Shares of radio chip maker Skyworks Solutions (Nasdaq: SWKS) jumped as much as 11.2% Tuesday and trading was brisk. The pop reversed a weeklong slide in share prices, which was accelerated by an analyst downgrade last Friday. Fittingly, the recovery rested on both reaffirmed management guidance and a fresh "buy" rating on the stock from Wall Street.

The fateful downgrade pointed to stronger competition from rivals RF Micro Devices (Nasdaq: RFMD) and Avago (Nasdaq: AVGO). In particular, Sterne Agee analyst Vijay Rakesh noted that Skyworks' traditional stronghold position next to Qualcomm (Nasdaq: QCOM) chipsets could be eroding. On top of that, Skyworks gets plenty of business from a struggling Nokia (NYSE: NOK), which keeps lowering expectations.

Returning fire, Skyworks CFO Don Palette underscored his earlier guidance numbers with this stern admonition: "Skyworks' core business continues to outperform our addressed markets and we believe this will be clearly reflected in our performance and guidance. To be clear, our revenue and non-GAAP earnings outlook for both the June and September quarters is before we add the accretive SiGe and Advanced Analogic Technologies acquisitions." In other words, the actual results should be even better when you add in the contributions from two recent acquisitions.

Cantor Fitzgerald's brand-new buy recommendation on the stock is an opportunistic move, designed to take advantage of a suddenly cheap stock with solid growth prospects. "We suggest that investors aggressively accumulate shares at current levels," said Cantor analyst Dale Pfau. Concerns over Skyworks' market share are "overdone," in his opinion.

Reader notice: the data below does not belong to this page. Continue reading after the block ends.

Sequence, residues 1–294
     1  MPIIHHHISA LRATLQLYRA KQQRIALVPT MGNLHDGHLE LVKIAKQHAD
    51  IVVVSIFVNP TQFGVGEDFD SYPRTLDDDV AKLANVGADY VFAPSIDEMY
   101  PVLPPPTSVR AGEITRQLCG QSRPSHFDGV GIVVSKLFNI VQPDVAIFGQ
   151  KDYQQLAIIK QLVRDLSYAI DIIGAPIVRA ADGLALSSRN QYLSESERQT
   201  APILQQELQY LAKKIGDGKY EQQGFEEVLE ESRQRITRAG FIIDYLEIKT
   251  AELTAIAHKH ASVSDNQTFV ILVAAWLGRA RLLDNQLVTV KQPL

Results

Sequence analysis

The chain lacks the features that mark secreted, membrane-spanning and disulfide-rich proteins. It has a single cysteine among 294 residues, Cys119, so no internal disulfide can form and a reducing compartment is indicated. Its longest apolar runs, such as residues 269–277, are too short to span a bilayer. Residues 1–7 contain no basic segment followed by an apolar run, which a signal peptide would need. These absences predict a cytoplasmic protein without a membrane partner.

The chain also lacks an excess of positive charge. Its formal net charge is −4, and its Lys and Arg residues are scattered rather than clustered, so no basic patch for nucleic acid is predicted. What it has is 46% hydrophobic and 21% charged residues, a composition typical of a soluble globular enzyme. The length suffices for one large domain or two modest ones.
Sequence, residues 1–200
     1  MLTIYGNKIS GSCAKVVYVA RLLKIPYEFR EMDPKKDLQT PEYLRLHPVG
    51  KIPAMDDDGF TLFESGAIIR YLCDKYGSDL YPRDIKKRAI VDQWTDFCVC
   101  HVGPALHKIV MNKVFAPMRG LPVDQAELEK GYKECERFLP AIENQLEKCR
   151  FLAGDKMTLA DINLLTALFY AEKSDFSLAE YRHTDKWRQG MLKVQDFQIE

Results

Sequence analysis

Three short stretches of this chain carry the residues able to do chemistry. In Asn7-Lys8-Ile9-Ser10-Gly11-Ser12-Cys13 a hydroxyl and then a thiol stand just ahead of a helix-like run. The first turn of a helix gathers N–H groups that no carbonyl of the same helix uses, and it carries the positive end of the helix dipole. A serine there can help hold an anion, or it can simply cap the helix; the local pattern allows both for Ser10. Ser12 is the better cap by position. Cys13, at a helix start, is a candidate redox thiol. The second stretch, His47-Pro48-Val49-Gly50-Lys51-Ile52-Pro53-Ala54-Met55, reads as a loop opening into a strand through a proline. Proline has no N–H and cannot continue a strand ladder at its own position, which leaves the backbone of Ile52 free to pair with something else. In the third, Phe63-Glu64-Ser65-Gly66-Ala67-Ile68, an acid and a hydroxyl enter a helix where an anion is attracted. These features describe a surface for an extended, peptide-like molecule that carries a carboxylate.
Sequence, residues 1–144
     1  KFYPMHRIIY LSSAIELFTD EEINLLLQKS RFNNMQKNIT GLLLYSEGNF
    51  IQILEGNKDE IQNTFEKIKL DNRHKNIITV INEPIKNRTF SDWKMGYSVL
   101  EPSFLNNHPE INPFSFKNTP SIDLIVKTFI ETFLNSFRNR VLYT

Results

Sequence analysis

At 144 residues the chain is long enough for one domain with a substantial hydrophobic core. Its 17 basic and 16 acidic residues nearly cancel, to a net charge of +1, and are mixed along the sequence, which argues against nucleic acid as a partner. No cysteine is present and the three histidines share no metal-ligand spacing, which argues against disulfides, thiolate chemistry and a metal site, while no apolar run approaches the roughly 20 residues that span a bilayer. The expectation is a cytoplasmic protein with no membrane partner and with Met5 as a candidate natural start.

At the same time, Pfau opened a can of "buy this" on RF Micro and TriQuint Semiconductor (Nasdaq: TQNT), both with significantly more headroom in his fair-price estimates than the roughly 30% opportunity he sees in Skyworks. That adds up to more of a thumbs-up rating on the wireless communications industry as a whole than a single-stock recommendation.

Both TriQuint and Skyworks say they're taking market share from each other these days, so it's not surprising to see analysts jumping to wildly different conclusions. My view is that RF Micro Devices is worth more than its bargain-basement P/E ratio would indicate, and that the company isn't given enough credit for how it removed itself from a toxic Nokia dependency. Skyworks and TriQuint are fine stocks in their own right, but neither one can hold a candle to RF Micro's value right now.

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